If you’re looking for a small, low-profile plant to add that wow factor to your home, look no further than the purple waffle plant!
This easy-to-maintain, showy plant is whimsical and packs a colorful punch.
Let’s take a dive into the world of the purple waffle and how you can maintain it in your container plant or garden collection.
Purple Waffle Plant Background
Purple waffle plant’s native habitat is in the tropical regions of India and Indonesia where it thrives in the jungle. You can also find it growing outside in the Pacific Islands and in Florida’s southernmost tip.
Purple waffle plant is a low, spreading grower, so it fits well at the base of another plant. And it makes an attractive ground cover in very warm climates, like USDA hardiness zones 10 and 11.
But if you’ve got a purple waffle plant outdoors in zone 9 and lower, think of it as an annual, since it doesn’t get along with cold temperatures at all!
The waffle plant is a member of the Acanthaceae family that comes in several different varieties, or cultivars.
Each one has its own special characteristics:
- Purple waffle plant alternata: Leaves are dark green or gray on top, purple undersides. This is one of the more common varieties.
- Purple waffle plant exotica: Leaves are glossy and green with magenta undersides.
- Snow white purple waffle plant: Leaves are dappled white and pink, magenta or purple undersides.
- Hemigraphis moonlight: Leaves are deep purple-green and have a silver shimmer.
- Belgian waffle: Leaves are green with cream around the edges and middle, purple undersides.
- Dragon’s tongue: Leaves are narrow and alternating green and purple, rippled edges.
Not only does the waffle plant come in several beautiful varieties, but it can also benefit the air in your home. In fact, Phys.org lists purple waffle plant as one of the best air-purifying plants out there!
The purple waffle plant can purify the air by removing potentially toxic compounds, including:
Where to Buy Purple Waffle Plant
Even though the purple waffle plant isn’t particularly rare, it’s also not the easiest to come by- especially if you don’t live in an area where they are natives.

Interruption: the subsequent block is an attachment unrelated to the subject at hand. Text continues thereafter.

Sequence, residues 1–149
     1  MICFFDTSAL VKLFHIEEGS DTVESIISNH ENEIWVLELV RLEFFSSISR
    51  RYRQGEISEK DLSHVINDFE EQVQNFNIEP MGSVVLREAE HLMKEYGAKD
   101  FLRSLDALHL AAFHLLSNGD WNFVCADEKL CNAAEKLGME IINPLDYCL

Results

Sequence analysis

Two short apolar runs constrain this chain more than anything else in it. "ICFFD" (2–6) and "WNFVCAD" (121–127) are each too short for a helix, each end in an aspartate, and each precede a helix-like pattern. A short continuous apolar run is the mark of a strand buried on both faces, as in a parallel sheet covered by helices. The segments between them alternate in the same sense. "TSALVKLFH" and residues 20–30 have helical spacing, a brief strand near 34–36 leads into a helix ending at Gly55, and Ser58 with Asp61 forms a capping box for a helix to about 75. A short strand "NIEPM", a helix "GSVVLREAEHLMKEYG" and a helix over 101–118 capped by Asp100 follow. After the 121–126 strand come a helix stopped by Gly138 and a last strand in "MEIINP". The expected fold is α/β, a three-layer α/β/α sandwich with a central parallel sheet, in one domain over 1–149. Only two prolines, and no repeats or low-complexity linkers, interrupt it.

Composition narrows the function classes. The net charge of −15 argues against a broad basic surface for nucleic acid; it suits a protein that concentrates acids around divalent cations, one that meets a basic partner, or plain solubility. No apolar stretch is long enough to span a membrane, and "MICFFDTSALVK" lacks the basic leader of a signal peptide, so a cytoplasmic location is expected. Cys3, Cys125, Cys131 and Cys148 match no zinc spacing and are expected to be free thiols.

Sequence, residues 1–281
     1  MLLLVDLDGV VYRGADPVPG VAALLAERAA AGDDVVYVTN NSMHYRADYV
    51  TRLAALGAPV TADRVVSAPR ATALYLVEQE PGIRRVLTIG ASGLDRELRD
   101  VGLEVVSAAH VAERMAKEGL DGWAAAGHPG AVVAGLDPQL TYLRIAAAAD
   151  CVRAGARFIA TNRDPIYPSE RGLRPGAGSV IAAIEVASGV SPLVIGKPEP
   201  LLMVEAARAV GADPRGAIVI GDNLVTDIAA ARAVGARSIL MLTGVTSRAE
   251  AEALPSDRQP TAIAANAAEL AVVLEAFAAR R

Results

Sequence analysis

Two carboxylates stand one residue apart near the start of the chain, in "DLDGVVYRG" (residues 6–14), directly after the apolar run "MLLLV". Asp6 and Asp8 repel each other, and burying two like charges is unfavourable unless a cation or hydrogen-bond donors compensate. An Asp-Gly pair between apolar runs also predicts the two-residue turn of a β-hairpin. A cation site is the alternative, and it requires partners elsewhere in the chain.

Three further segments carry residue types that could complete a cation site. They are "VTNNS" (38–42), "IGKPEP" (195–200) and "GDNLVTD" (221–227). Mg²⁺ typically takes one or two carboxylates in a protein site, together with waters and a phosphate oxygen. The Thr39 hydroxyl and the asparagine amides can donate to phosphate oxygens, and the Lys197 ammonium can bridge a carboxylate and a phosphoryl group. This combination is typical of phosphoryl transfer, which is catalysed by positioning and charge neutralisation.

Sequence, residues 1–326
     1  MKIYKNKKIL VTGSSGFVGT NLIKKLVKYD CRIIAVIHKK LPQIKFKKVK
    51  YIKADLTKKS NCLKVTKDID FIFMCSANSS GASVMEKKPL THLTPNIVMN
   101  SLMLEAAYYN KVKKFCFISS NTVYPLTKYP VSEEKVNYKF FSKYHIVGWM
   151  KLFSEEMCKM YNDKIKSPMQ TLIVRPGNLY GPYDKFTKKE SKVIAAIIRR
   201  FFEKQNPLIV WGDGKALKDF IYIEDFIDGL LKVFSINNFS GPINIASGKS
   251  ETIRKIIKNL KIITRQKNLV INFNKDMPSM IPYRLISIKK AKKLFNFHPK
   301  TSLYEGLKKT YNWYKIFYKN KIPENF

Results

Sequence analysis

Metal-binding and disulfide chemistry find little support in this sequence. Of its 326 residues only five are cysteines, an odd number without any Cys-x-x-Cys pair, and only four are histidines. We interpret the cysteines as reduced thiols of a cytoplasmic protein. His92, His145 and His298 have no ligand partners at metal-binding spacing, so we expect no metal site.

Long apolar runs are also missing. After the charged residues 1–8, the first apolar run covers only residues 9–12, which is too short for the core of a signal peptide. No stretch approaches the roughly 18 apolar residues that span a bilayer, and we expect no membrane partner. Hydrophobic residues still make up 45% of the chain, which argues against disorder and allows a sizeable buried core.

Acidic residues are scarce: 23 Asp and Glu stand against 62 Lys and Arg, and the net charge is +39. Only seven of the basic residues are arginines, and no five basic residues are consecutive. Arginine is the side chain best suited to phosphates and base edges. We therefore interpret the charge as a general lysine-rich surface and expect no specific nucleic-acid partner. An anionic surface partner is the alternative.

Check the tropical houseplants section at your local garden and home improvement centers. Ask your local experts if they know where to find them in your area if you haven’t had any luck.
But if you can’t find them in stores, don’t fret! You can also find them online in several places.
If you want the widest selection to choose from, visit Etsy. You have no shortage of options of standard waffle plants or unique varieties, including variegated and Snow White cultivars.
Here are some of our favorite Etsy sellers that usually have purple waffle plants:
Purple Waffle Plant Care
The purple waffle plant is pretty low maintenance both in a container as well as in the soil. Just meet a few basic needs and your waffle plant should do well.
If your purple waffle lives in a container, choose one that’s at least 4-6 inches deep and 6 inches across.
Any type of pot will do, including hanging pots which will lead to trails of vines spilling over the sides (quite dramatic!). Just be sure there’s good drainage to prevent water-logging.
Any all-purpose potting soil will suffice for growing a purple waffle plant. This Miracle-Gro formula is a popular choice.
If you decide to plant your waffle plant in your garden, add some compost to enrich the soil and improve drainage.
Indoors, the purple waffle loves indirect light in a bright room. A few feet back from a window in a south or east-facing room is usually a prime location.
If you don’t have a bright room, not to worry- a full spectrum grow light is a good supplement. This clip-on model is affordable and versatile.
For outdoor growing, choose a spot in partial shade.
Remember, this plant is native to the understory or jungle areas where trees and taller plants filter the sunlight. So be careful not to place your plant in direct sun since this can lighten and scorch the leaves.
However, don’t place your waffle plant in full shade. If there’s not enough light, the leaves won’t be so purple.
This plant loves moist soil that drains well. As long as you water it occasionally to prevent the soil from drying out, the waffle plant will be happy and healthy.
But make sure to avoid standing water. Avoid planting in low-lying areas that are prone to water pooling, and add some organic matter (like compost) to clay-heavy soil.
In our post on watering a rubber plant correctly, we’ve covered this specific topic in a lot more detail. Stop by to learn more!
The waffle plant is not a fan of cold temperatures- at all. It prefers warmer temperatures from 50- 80 degrees F. This makes it an ideal houseplant anywhere, and outdoors, it thrives year-round in USDA zones 10-11.
If you live in zone 9 or lower, you can bring your container-grown waffle plant outside for the summer. Wait until all danger of frost has passed and average nightly temperatures are above 55 degrees F.
In the fall, bring your plant back inside before nighttime temperatures drop to 50 degrees F.
As a tropical plant, this one loves high humidity.
If you live in a warm, humid climate, your plant should be perfectly fine with no extra humidity help from you.
But most of us don’t live in USDA zones 10-11, so placing the waffle plant in a bathroom with some steam and a window can help revitalize a plant that’s getting a bit too dry.
You could also mist your purple waffle about once a week, or use a plant humidifier if you live in a dry area.